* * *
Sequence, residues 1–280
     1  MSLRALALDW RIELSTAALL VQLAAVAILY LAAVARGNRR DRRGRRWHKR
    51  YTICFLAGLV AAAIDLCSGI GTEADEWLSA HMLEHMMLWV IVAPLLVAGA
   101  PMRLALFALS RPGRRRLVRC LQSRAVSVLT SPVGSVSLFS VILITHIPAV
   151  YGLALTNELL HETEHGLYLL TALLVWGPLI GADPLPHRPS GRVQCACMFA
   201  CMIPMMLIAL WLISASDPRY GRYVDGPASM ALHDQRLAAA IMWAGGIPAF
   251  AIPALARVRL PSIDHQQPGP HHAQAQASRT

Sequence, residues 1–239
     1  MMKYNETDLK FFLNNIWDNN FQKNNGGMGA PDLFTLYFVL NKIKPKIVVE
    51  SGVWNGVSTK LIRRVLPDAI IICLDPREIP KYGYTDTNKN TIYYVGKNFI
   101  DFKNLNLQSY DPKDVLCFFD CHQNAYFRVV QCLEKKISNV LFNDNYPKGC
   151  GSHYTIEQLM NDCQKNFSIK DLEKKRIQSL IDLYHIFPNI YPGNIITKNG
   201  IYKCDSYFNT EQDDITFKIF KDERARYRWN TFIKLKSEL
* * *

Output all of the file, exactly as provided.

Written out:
Sequence, residues 1–280
     1  MSLRALALDW RIELSTAALL VQLAAVAILY LAAVARGNRR DRRGRRWHKR
    51  YTICFLAGLV AAAIDLCSGI GTEADEWLSA HMLEHMMLWV IVAPLLVAGA
   101  PMRLALFALS RPGRRRLVRC LQSRAVSVLT SPVGSVSLFS VILITHIPAV
   151  YGLALTNELL HETEHGLYLL TALLVWGPLI GADPLPHRPS GRVQCACMFA
   201  CMIPMMLIAL WLISASDPRY GRYVDGPASM ALHDQRLAAA IMWAGGIPAF
   251  AIPALARVRL PSIDHQQPGP HHAQAQASRT

Sequence, residues 1–239
     1  MMKYNETDLK FFLNNIWDNN FQKNNGGMGA PDLFTLYFVL NKIKPKIVVE
    51  SGVWNGVSTK LIRRVLPDAI IICLDPREIP KYGYTDTNKN TIYYVGKNFI
   101  DFKNLNLQSY DPKDVLCFFD CHQNAYFRVV QCLEKKISNV LFNDNYPKGC
   151  GSHYTIEQLM NDCQKNFSIK DLEKKRIQSL IDLYHIFPNI YPGNIITKNG
   201  IYKCDSYFNT EQDDITFKIF KDERARYRWN TFIKLKSEL